Tag: Japan

American Porisu Ruv Eat Rong Time. They so Fat!

by James on Mar.22, 2010, under kids today

click for full size

Several things to note about this picture. 1.) The Japanese in red under the title is simply the title spelled phonetically: “A-me-ri-ka-n Po-ri-su.” 2.) The setting seems to be a fast food joint, yet many actual fast food restaurants are represented. Look closely: there’s mostly McDonald’s, but also Carl’s Jr. an A&W Root Beer, and a freaking taco for Shinto’s sake. 3.) What cop puts their nightstick ON the pile of french fries while they eat? And finally: 4.) How could this be a serial magazine? “Ret’s have article and article every month-u about fat and stupid Amerikan porisu. They so fat!” It can’t be done.

And, why am I writing so racistly? Simply because the magazine is obviously racist. I’ll be in Tokyo next month. If you’re there and you have a complaint, find me and I’ll straighten you out.

With my fists, in case that wasn’t clear.

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Japanese cat cafés, a whole new way to waste your money

by James on Feb.17, 2010, under colossal waste of time, who cares

Relax and stroke a cat. For $10/hour

Busy or stressed out? Now you can drink coffee and work on your laptop, just like at a Starbucks, except lots of cats will be there, too.

Japanese cat cafés, like this one in Tokyo called Nekobukuro literally translated “cat sack” *snicker*, are very popular and busy business people will take breaks to come have their blood pressure lowered by petting a sleeping cat.

Sounds pretty great. The best part is someone else has to worry about the boxes of shit everywhere; the main drawback to being a crazy cat lady.

Usually, cat cafés charge around $10 an hour for the privilege of cat affection (or rejection, depending on the cats’ moods), but they’re very popular among busy Japanese who don’t have time or space to devote to pets of their own.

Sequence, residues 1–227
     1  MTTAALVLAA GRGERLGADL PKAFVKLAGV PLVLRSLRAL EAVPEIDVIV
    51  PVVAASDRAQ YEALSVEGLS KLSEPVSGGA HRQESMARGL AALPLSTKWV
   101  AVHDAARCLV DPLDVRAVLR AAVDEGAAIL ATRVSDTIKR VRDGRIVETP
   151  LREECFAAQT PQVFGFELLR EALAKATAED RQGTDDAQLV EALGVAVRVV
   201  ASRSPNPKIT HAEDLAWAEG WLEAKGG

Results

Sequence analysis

Incidentally, there’s also a service where you can rent a dog to play with. It’s like g-rated prostitution for people without pets. And you can quote me on that.



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Salt Labyrinths, where bad ants go when they die

by James on Feb.10, 2010, under colossal waste of time

This is the art of a crazy person. I doubt you’ll be seeing these in the Sunday paper next to the jumble.

Made by carefully moving individual grains of salt, Motoi Yamamoto painstakingly creates gigantic labyrinths as a way of accessing old memories deep inside his mind. He’s one of Japan’s most famous artists, and one of few (what? there’s more?) who work only with salt. He sits cross-legged for hours and hours, tracing his way through his own memories, claiming he can’t reach them until the labyrinth is complete. He also wears his deceased mother’s dirty socks and listens to John Cougar Mellencamp records. (Okay, so I made that last part up.) Here’s his site.

A former dock worker, Yamamoto believes in the cycle of life and insists that when his installations are complete, all the salt be returned to the ocean where it can continue it’s life.

Ever spill salt on the table in a restaurant, by accident or on purpose, and think to yourself, “Hey, this gives me an idea. I want to devote my life to making enormous mazes from salt that no one can solve and which will eventually make me go blind.” No. Because nobody decides their artistic medium is salt.

These photos aren’t ‘shopped. Sadly.

Now go draw something with a crayon like a regular person, and be thankful you’ve got all your marbles.

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